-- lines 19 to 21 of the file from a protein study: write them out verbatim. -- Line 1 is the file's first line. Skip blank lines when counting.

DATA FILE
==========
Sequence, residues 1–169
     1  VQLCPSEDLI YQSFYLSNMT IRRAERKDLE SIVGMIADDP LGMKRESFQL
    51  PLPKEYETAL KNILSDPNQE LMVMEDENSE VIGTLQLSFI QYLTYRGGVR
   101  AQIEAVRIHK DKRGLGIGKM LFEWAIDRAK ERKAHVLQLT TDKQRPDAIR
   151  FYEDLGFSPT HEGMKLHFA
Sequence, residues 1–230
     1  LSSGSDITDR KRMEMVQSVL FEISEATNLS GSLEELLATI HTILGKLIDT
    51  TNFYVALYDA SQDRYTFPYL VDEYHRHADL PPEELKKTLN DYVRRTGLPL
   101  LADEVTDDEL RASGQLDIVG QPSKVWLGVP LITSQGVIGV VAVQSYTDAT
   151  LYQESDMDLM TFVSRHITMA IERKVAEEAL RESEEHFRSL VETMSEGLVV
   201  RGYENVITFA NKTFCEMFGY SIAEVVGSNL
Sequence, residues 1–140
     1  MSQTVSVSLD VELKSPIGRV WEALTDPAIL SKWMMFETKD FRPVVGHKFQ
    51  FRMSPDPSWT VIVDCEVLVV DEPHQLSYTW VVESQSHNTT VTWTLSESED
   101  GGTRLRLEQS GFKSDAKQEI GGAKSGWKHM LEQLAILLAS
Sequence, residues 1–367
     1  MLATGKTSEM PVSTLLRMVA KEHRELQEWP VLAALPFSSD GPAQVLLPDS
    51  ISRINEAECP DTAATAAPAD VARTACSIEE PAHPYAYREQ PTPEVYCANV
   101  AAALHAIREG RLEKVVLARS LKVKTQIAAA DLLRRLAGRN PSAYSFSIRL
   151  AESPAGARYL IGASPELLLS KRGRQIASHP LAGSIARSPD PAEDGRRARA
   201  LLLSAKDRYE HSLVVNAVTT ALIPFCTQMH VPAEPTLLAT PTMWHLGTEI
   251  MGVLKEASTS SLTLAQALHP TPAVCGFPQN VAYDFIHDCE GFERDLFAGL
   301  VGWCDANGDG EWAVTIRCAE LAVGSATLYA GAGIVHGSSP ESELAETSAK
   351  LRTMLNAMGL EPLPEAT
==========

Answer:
   101  AAALHAIREG RLEKVVLARS LKVKTQIAAA DLLRRLAGRN PSAYSFSIRL
   151  AESPAGARYL IGASPELLLS KRGRQIASHP LAGSIARSPD PAEDGRRARA
   201  LLLSAKDRYE HSLVVNAVTT ALIPFCTQMH VPAEPTLLAT PTMWHLGTEI